The head of the BVI Tourist Board told legislators last year that the agency needed $15 million to do its job in 2022, when tourism is expected to recover by leaps and bounds, but it was allocated only $9.6 million, according to the Standing Finance Committee report, which details closed-door hearings that took place in November and December.
The report states that Tourism Director Clive McCoy said the earmarks for the grant — which is larger than grants for the past two years but nearly $2 million less than the grant for the record tourism year of 2019 — leaves the agency with only $8.4 million to market the territory.
At the time of the hearing, Mr. McCoy reportedly said he had “been informed” that the board’s allotment would be only $9.6 million, the figure ultimately reflected in the budget estimates.
The director continued by explaining that the BVITB had “presented a budget of $15 million dollars: $12 million towards operational expenses and $2 million for project development,” the SFC report states, though it doesn’t indicate whether he accounted for the remaining $1 million requested.
Mr. McCoy added that the remaining funds were not enough for the destination to remain competitive amid a post-pandemic travel surge, and he asked the committee to reconsider the BVITB’s request, claiming that “analysts have predicted that by 2023, projected travel to the BVI would return to 2019 numbers.”
He also noted that 2022 is the 10th anniversary of the Anegada Lobster Festival, a major tourism event the board planned to market heavily.
That marketing is “going to be costly,” he said, according to the report.
In 2021, the VI saw a 37 percent drop in overnight arrivals compared to 2020.
In 2020, the VI saw 305,371 total visitors, down from 894,991 in 2019 and 757,015 in 2018, according to BVITB statistics provided in October.
Those numbers include overnight visitors, cruise ship passengers, and day trippers.
Legislators questioned Mr. McCoy about the board’s expenses, particularly for its offices.
Junior Minister for Trade and Economic Development Shereen Flax-Charles and Opposition Leader Marlon Penn both asked whether it was paying rent for facilities that it was not using.
The BVITB relocated to the third floor of the Geneva Building in 2018. Before that, it was located on the second floor of the Akara Building on De Castro Street, according to a previous version of its website.
Mr. Penn asked how long the BVITB “had been paying rent for both locations,” and the cost of each rent.
However, the SFC report — which is sometimes redacted with no indication — did not include a response from Mr. McCoy, and attempts to reach him this week were not immediately successful.
Mr. Penn then asked about some heavily trafficked tourist areas near the Eighth District, which he represents, that he felt were not up to par, including Long Bay Beach.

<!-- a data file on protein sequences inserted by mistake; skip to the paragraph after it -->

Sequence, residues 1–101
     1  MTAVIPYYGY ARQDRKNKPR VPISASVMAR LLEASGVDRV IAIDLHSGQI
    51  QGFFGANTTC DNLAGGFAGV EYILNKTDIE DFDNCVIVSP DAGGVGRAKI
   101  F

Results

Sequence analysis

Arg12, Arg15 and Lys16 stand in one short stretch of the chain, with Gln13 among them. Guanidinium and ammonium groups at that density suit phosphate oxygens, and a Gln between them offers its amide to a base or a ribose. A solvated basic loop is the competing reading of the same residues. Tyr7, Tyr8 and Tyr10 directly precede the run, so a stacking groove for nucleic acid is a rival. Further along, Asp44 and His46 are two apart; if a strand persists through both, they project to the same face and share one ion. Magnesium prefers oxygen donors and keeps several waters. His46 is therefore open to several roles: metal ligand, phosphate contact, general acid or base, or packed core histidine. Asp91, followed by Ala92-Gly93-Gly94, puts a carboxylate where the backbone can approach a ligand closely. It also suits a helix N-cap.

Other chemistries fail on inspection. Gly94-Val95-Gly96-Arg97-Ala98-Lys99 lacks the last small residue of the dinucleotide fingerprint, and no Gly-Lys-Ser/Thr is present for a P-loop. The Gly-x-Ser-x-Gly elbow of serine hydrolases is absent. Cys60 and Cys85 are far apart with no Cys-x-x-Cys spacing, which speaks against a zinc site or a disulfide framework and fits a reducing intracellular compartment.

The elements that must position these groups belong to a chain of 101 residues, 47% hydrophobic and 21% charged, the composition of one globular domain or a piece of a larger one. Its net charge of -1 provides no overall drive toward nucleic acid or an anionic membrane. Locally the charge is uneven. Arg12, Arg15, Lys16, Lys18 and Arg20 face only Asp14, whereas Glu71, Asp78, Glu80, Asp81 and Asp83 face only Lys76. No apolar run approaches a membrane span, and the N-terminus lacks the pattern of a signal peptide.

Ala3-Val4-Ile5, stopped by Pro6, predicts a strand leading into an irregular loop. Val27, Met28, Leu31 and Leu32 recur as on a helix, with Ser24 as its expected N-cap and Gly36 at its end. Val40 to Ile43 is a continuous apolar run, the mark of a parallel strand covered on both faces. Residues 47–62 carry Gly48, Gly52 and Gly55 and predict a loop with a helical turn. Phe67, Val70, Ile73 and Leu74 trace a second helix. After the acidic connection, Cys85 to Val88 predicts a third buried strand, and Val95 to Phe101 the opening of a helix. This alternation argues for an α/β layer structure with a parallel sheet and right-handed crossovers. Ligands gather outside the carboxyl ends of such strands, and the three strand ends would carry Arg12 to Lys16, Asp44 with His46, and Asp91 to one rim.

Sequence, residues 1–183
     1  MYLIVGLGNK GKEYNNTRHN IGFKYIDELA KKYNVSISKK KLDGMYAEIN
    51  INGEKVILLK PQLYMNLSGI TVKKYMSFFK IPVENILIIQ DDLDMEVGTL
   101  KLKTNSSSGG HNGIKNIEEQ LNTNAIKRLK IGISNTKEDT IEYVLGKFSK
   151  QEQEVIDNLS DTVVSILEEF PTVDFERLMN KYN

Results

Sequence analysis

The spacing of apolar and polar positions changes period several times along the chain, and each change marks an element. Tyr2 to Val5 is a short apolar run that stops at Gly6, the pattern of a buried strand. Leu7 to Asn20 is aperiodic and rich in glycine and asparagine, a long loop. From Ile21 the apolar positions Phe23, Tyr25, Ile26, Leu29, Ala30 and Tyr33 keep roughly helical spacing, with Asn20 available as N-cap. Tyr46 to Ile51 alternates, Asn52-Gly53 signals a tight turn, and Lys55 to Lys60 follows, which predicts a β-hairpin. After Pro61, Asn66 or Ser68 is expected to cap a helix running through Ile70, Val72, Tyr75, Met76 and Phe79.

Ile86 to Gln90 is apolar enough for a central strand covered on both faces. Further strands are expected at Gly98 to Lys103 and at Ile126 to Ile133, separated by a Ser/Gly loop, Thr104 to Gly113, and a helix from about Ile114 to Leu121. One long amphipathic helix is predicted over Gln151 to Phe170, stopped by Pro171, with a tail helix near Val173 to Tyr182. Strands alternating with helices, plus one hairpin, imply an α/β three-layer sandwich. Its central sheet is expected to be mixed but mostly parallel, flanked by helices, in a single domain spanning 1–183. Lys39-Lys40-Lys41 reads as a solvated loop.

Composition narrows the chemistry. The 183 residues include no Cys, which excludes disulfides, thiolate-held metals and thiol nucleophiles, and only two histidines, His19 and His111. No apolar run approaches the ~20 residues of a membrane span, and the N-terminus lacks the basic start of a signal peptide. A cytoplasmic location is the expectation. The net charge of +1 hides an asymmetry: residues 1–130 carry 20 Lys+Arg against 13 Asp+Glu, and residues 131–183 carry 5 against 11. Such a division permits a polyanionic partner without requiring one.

“If we were going to sell a product, the product has to be one that is worth selling,” he said, explaining that Long Bay Beach “is a beautiful beach, but by the time the guests get to the beach, they forget the beauty that they meet when they get there because of the condition of the road.”
Mr. McCoy said the Ministry of Transportation, Works and Utilities had responsibility for that road, just as other offices have responsibility for other facilities around the territory.
“However, if those agencies do not do their part, the BVITB would do what needs to get done,” he said, according to the SFC report.
Mr. Penn asked when the board had contacted the ministry in the case of Long Bay Beach, and Mr. McCoy replied that he could not recall.
Mr. Penn noted that at the time of the November-December hearings, the peak of the cruise ship season was about to arrive “and the circumstances at Long Bay Beach are not getting any better and asked [Mr. McCoy] to do what was necessary to get the situation addressed,” according to the SFC report.
Acting Financial Secretary Jeremiah Frett added that his ministry was having discussions with Public Works to fix the road.
Mr. Penn also complained about the state of the Josiahs Bay restroom facilities, saying they were non-functioning.
However, he said, simple maintenance, such as new fixtures and a connection to the septic system, could repair them.
He added that he had been informed by the Ministry of Natural Resources, Labour and Immigration that the facility “was under the control of the BVITB.”
Mr. McCoy stated that the BVITB worked very closely with the ministry concerning the conditions of the beach, but that the board “does not manage bathrooms.”
He indicated that he would liaise with the ministry to sort out the matter.